Start to remove the water from the hot tub with a wet/dry vac. Continue this process (adding hot water, removing melted water) until all the ice and water has been removed.
Open the drain valve on the pipes and let the space heater melt and exit the pipes.
Use something like a heat gun to finish thawing the pipes if necessary. Begin at the drain, holding the heat gun a few inches from the pipes and move in a gentle side-to-side motion while moving up the pipe. Keep it moving to prevent heat damage.
Use a wrench to open pipe joints as you are applying the heat. Open the pump and heater junction to allow the melted water to drain out.
Assess the Damage

After your pipes have been emptied and the unit is devoid of water, you need to look at the equipment and assess what repairs need to happen.

Most freeze damage effects the following parts: the wet end of the pump, spa plumbing, spa packs, etc. These are what you should check first. If caught soon enough, all of this can be fixed fairly easily. If the spa has been frozen for weeks, there’s a chance that the hot tub is beyond help.
Turn on your equipment and make sure it’s working. Don’t leave pumps and heaters on for more than 2-3 seconds if the hot tub is empty.
Most cracking damage from any expansion caused by freezing ice happens to the heater body, the filter body, the cylinder that holds the filter cartridge, or the pump. Pipes rarely have a clean break. Rather, they have thin cracks that may eventually shatter.
Filling the tub is a good way to see where the leaks are originating from. Once the tub is filled with water, watch for running water that may indicate leaks from a broken pipe or affected equipment. After identifying parts that need fixing, you can drain and repair. For small leaks you can use Fix-A-Leak to seal and repair the damage.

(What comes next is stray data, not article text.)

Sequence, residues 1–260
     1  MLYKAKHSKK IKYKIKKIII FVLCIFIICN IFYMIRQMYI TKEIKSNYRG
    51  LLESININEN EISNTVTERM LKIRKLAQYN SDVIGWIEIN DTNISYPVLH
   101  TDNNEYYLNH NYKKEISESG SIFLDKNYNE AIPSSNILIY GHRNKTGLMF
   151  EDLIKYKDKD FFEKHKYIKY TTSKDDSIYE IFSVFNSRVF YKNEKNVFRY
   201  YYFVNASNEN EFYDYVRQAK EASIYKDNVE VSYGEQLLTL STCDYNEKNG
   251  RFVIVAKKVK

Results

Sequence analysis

If you don’t see any running water, you can turn the spa back on to check for any abnormal sounds and leaking water (not slow drips). If everything looks right, there’s a chance you caught everything in time and saved yourself a few hundred dollars in repairs.
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Kasey LaRose
June 21, 2016

We would suggest calling the spa manufacturer and asking their advice about what sensor is causing it to read “Ice” even though it is warm outside. It could be a very simple fix, but see what they say. They may have a few ideas for how to fix it without having to call a spa technician.

Tom Kumashiro
January 21, 2016

Thanks for the valuable information. I may be in trouble since it’s been a few weeks since I discovered that my power went out or it turned it automatically because of the cold, (this just before I had to leave for two weeks). I don’t have a space heater but I’m wondering whether wrapping the pipes with a heat tape would help unfreeze the pipes.

Kasey LaRose
April 19, 2016

It’s possible. I have not tried out this solution, but it could work. Once the pipes were frozen for an extended amount of time, I would think whatever damage was going to happen, probably happened. Maybe nothing happened? But to use the tub again, you are going to want to make sure that the pipes and equipment are not frozen when you start it back up. A space heater inside the cabinet is what we would recommend.

June 20, 2016

My spa froze when I went on vacation. I emptied the spa and did not get all the water out of the hoses and jets and what not. When I returned I tried to fill it up and turn it on. I turn it on at the gfi and power comes on at the control panel. It’s giving off an (ice) code on the display panel and the pumps will not turn on, when u hit the jet button it just makes a clicking sound like it’s trying to switch on the pump. I can’t see any damage or leaks at all. The heater is working, I’m guessing since it got cold the spa sensors are keeping it from starting up or something I couldn’t find any reset buttons or anything. What should I do ? Do I need to call someone to look at it. It’s 85 degrees outside now and I still can’t get it to fire up